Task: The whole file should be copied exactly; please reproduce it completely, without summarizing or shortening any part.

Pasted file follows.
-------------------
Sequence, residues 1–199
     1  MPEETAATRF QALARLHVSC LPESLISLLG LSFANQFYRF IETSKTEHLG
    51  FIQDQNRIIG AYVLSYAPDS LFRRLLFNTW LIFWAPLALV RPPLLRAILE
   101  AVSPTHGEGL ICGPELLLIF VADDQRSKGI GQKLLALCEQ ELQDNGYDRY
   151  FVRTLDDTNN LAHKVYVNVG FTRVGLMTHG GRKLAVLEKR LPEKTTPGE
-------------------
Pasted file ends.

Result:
Sequence, residues 1–199
     1  MPEETAATRF QALARLHVSC LPESLISLLG LSFANQFYRF IETSKTEHLG
    51  FIQDQNRIIG AYVLSYAPDS LFRRLLFNTW LIFWAPLALV RPPLLRAILE
   101  AVSPTHGEGL ICGPELLLIF VADDQRSKGI GQKLLALCEQ ELQDNGYDRY
   151  FVRTLDDTNN LAHKVYVNVG FTRVGLMTHG GRKLAVLEKR LPEKTTPGE